The survey illustrates that modern Mongolians are not only spiritual but carry a strong tie to their ancestral traditions. And sometimes, these spiritual and traditional practices conflict with the country’s economic activities, particularly mining.

An ovoo covered with silk scarves in Tövkhön Monastery, on the mountain of Shireet Ulaan, Khangai Nuruu National Park, Övörkhangai Province, Mongolia. The monastery is a UNESCO World Heritage Site. Photo via Depositphotos.

Mongolia, a mecca of natural resources, will continue to face environmental issues in the coming decades. Large mining or infrastructure projects may compromise environmentally protected areas, including the ovoos and sacred mountains. Mongolian policymakers must be vigilant in decision-making. Mongolia desperately needs foreign investments, but given the global environmentalism trend, having a specific part of the Mongolia’s heritage sites protected and maintained under an international partnership might be helpful.

In Mongolia’s fight to protect national heritage sites, the international community has not been idle. Major international organizations such as UNESCO have supported Mongolia in preserving sacred sites. In 2015, 10 sacred mountains were submitted to UNESCO to protect their historical and traditional significance. This action has significantly contributed to preserving Mongolia’s natural environment and wildlife as sacred and pristine. These international efforts and their best practices can be learned and implemented by local governments in maintaining greater environmental care for ovoo sites.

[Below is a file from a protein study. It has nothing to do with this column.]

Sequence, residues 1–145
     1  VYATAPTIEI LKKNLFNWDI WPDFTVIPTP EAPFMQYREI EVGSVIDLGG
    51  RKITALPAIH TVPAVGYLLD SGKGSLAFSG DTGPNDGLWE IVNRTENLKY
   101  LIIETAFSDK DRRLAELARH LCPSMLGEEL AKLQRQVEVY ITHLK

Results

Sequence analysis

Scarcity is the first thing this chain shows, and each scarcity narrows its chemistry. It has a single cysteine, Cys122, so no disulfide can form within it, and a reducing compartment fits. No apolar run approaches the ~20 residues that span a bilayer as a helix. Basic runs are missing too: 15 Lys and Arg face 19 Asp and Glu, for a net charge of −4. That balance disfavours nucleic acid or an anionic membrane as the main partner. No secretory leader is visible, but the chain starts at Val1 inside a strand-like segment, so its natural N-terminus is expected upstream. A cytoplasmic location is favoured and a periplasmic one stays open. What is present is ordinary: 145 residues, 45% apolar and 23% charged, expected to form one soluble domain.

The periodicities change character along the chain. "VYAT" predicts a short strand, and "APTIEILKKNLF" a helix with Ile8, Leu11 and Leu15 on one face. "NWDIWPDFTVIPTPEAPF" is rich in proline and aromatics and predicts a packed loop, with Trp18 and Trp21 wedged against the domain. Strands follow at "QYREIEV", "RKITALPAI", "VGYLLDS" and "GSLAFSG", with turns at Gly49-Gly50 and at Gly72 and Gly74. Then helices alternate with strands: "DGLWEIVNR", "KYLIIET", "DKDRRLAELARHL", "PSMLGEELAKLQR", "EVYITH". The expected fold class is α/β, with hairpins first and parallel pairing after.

According to the Asia-Pacific Database on Intangible Cultural Heritage (ICH), Mongolia, at a national level, has many government agencies and organizations dedicated to preserving and promoting traditional properties. In Mongolia today, six prominent NGOs are active in preserving cultural heritage, such as the Mongolian National Center for Intangible Cultural Heritage, Researchers and Supporters Society for Mongolian Traditional Art, and Mongolian Center for Shamanistic Research.

The efforts of the Mongolian government and the Mongolian people themselves will play a fundamental role in establishing and developing an action-based policy that protects, maintains, and preserves cultural sites, such as ovoos and other sacred lands. It is vital for Mongolia, a mining-depending economy, to carefully assess the pros and cons of its circumstances and take care to leave a nourishing environment for the next generation.